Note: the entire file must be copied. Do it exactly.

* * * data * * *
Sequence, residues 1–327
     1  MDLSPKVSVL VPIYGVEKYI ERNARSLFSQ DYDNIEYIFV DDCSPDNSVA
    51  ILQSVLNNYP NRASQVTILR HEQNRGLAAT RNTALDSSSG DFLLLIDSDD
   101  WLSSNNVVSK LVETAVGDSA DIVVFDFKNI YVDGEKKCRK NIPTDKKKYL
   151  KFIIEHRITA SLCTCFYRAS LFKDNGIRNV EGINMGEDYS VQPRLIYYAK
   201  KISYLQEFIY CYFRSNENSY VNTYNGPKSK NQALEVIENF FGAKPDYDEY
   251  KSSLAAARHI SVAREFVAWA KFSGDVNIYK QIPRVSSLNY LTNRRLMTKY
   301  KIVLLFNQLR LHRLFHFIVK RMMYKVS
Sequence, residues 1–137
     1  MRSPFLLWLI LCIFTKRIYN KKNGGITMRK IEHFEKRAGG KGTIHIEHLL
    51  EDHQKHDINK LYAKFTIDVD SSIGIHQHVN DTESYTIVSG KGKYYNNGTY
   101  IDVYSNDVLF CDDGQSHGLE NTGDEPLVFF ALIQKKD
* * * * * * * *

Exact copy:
Sequence, residues 1–327
     1  MDLSPKVSVL VPIYGVEKYI ERNARSLFSQ DYDNIEYIFV DDCSPDNSVA
    51  ILQSVLNNYP NRASQVTILR HEQNRGLAAT RNTALDSSSG DFLLLIDSDD
   101  WLSSNNVVSK LVETAVGDSA DIVVFDFKNI YVDGEKKCRK NIPTDKKKYL
   151  KFIIEHRITA SLCTCFYRAS LFKDNGIRNV EGINMGEDYS VQPRLIYYAK
   201  KISYLQEFIY CYFRSNENSY VNTYNGPKSK NQALEVIENF FGAKPDYDEY
   251  KSSLAAARHI SVAREFVAWA KFSGDVNIYK QIPRVSSLNY LTNRRLMTKY
   301  KIVLLFNQLR LHRLFHFIVK RMMYKVS
Sequence, residues 1–137
     1  MRSPFLLWLI LCIFTKRIYN KKNGGITMRK IEHFEKRAGG KGTIHIEHLL
    51  EDHQKHDINK LYAKFTIDVD SSIGIHQHVN DTESYTIVSG KGKYYNNGTY
   101  IDVYSNDVLF CDDGQSHGLE NTGDEPLVFF ALIQKKD